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Opponents Are Prejudging Health Reform's Side Effects

Protesters greeted President Obama as he headed to a health-care town hall in Raleigh, N.C., July 29.
Protesters greeted President Obama as he headed to a health-care town hall in Raleigh, N.C., July 29. (By Haraz N. Ghanbari -- Associated Press)

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By Danielle Allen
Tuesday, August 11, 2009

In his debates with Hillary Clinton in the winter of 2008, Barack Obama flatly denied that his approach to reforming health care would require an individual mandate requiring everyone to buy health insurance. Events have proved him wrong.

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His administration now agrees with the analysts who argue that only by ensuring that no one games the system can reform be made to work. The mandate serves to ensure that individuals do not buy insurance only when they are ill. Other elements of the reform similarly serve to ensure that neither insurance companies nor employers will game the system. As Paul Krugman has argued in the New York Times, each of these strategies to prevent gaming is necessary to make the whole thing work. The point, though, is that the push for implementation has turned Obama's policies into something other than what he promised.

This change in Obama's position goes a long way toward explaining the objections to the new reforms that are being raised vociferously through grass-roots action by citizens on the right. The issue here is not that these citizens consider Obama untrustworthy -- though they do. The issue, rather, is that they recognize that the stated goals and structure of a policy may not fully capture its full range of outcomes in practice. This is why these citizens, including professionally briefed participants such as Sarah Palin, can continue to maintain, in the face of a barrage of insistences to the contrary, that the reforms will (1) result in rationing and (2) establish "death panels."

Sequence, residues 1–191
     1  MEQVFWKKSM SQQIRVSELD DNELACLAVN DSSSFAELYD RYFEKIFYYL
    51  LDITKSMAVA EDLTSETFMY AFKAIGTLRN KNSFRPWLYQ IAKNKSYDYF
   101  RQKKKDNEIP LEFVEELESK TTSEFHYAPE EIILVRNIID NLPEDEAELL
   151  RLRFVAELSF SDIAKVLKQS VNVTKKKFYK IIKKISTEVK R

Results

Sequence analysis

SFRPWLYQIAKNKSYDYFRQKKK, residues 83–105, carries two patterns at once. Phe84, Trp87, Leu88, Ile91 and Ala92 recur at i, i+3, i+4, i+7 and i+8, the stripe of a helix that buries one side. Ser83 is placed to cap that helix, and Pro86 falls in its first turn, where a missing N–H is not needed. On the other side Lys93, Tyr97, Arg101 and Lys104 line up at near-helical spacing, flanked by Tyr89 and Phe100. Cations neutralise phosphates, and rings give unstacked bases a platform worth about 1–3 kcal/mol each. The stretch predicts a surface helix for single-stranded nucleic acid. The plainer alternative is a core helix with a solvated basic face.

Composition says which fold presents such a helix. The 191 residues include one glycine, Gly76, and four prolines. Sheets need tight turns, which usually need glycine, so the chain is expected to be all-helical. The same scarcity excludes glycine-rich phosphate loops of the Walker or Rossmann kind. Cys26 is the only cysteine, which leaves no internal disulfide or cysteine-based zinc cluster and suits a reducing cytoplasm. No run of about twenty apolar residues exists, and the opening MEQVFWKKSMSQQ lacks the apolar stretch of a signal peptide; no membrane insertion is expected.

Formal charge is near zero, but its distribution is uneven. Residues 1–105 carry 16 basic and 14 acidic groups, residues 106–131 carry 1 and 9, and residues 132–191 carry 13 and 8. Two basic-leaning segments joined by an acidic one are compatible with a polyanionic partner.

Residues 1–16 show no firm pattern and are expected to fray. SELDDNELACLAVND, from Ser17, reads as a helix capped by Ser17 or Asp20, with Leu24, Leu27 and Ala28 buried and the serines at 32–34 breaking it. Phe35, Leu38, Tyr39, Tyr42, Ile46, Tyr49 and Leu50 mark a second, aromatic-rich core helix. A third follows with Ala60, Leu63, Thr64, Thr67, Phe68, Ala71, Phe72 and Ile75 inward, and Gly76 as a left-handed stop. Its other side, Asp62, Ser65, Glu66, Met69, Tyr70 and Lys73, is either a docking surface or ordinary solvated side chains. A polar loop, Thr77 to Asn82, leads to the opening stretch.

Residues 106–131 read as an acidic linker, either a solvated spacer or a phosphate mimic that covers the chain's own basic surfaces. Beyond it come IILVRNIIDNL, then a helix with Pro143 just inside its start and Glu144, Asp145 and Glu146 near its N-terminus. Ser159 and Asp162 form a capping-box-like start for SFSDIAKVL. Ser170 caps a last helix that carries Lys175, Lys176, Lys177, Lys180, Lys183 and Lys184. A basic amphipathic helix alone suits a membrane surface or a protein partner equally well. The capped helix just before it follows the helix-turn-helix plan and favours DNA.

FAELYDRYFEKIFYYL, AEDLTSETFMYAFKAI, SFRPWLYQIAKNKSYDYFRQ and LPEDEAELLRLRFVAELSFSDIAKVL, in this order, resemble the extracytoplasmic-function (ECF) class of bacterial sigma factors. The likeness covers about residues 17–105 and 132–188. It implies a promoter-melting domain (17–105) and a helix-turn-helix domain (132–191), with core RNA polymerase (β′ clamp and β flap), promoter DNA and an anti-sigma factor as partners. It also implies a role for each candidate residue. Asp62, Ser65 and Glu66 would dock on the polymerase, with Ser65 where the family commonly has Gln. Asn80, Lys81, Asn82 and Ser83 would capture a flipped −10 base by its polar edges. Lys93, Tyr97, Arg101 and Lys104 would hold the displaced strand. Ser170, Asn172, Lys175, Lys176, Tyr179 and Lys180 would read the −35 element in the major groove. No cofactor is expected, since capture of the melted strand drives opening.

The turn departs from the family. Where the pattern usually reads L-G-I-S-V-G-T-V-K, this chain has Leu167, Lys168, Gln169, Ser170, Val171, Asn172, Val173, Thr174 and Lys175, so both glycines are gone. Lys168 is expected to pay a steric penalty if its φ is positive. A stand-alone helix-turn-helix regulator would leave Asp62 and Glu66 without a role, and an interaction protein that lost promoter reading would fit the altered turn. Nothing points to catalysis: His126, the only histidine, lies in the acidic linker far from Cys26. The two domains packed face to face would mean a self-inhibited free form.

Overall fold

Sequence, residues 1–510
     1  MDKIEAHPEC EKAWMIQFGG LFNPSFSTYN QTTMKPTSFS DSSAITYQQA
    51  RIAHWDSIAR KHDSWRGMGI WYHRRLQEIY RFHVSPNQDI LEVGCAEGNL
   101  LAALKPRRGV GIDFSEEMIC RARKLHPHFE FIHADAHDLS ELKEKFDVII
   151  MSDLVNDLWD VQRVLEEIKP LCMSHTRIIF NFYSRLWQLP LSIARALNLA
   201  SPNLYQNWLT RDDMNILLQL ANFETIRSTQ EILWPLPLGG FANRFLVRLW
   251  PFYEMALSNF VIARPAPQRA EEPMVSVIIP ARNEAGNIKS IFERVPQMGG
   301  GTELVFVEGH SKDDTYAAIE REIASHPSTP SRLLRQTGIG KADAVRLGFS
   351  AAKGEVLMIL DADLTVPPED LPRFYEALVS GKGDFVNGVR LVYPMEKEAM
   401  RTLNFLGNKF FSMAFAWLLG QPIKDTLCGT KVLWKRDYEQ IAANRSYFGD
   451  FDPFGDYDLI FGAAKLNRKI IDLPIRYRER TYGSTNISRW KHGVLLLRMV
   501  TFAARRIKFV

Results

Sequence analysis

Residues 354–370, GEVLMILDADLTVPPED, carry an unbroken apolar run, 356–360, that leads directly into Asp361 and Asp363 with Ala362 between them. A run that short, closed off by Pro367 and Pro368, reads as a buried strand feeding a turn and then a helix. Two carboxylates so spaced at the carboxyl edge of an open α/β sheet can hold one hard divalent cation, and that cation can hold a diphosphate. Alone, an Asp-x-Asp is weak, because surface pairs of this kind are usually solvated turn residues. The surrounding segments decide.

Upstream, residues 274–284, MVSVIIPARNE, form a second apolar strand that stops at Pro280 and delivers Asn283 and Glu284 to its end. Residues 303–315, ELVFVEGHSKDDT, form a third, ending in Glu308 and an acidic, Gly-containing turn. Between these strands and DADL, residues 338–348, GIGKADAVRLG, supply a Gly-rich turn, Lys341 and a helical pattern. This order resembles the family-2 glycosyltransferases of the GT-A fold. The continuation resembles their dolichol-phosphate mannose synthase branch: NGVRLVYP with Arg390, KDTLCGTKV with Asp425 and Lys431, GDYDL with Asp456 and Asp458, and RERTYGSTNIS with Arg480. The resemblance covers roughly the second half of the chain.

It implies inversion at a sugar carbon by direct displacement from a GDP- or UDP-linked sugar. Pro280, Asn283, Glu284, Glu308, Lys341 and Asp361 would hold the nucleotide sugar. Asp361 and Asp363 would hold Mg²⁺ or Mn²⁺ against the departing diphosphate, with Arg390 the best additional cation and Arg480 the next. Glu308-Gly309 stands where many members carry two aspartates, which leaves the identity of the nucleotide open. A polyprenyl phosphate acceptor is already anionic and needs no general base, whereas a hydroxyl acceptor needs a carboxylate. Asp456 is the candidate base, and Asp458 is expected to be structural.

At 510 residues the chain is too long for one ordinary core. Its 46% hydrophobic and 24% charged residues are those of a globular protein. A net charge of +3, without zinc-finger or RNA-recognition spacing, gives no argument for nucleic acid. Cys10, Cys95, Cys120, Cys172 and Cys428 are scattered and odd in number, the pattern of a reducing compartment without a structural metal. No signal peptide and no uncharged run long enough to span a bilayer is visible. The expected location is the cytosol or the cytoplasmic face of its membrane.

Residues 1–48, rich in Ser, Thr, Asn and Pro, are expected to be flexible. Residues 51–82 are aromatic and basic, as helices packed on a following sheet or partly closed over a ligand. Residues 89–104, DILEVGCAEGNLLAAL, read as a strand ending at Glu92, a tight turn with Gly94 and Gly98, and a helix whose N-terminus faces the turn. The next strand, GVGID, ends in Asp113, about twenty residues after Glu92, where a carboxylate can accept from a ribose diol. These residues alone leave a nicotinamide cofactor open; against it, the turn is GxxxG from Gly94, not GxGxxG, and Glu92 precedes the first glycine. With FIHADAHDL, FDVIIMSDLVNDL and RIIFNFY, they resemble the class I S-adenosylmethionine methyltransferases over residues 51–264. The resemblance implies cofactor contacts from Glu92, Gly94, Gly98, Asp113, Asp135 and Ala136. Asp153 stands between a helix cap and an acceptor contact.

These activists do not claim that the proposed reforms include policies whose explicit purpose is to ration, nor do the more careful among them claim that the policies will establish panels to help people decide when to die. They are not arguing about the semantic content of the policies; that is, they are not arguing about the meaning of the words that are actually in the relevant drafts of bills. Instead, they are considering, as the pragmatist philosopher William James put it, "what conceivable effects of a practical kind the [policy] may involve -- what sensations we are to expect from it, and what reactions we must prepare."

Their claim is that, whatever the stated goals of policymakers, the concrete outcomes that will flow from the policies on the table will include experiences that feel like rationing and conversations that sound like "death panels."

In asking lawmakers to consider not merely the goals of their policies but also the experiential meaning of concrete realities that those policies may bring, they have a point. One can't answer them by saying: "These policies won't ration; there will be no death panels." If these reforms do either of these things, they will do so as a matter of unintended consequences. The appropriate answer, therefore, is to explain the institutional checks that will prevent the emergence of such unintended consequences.

Can we say that under the new regime one will always be able to pay out of pocket for any procedure one desires, subject only to the limitations of triage practices that have always established priorities for who receives care when and that have, therefore, always provided an ethic for how to ration a limited good in the face of unlimited desire?

And perhaps the counseling sessions meant to help us all think about end-of-life issues should be conducted when each of us is in the prime of life. To demystify such counseling sessions, the president held up as examples himself and his wife, who have living wills. But they have set these up when the natural end of their life seems remote. In the context of such counseling sessions, this distance surely provides a certain psychological protection. Perhaps if we developed a practice of expecting these counseling sessions to occur in our 40s and 50s, we would view them, like financial counseling, simply as a necessary step toward being able to enter retirement with peace of mind.

There is a real debate going on in what appear to be crazy town hall meetings. If only both sides had ears to hear. Would somebody please call the otologist?

The writer is the UPS Foundation Professor of social science at the Institute for Advanced Study in Princeton, N.J.


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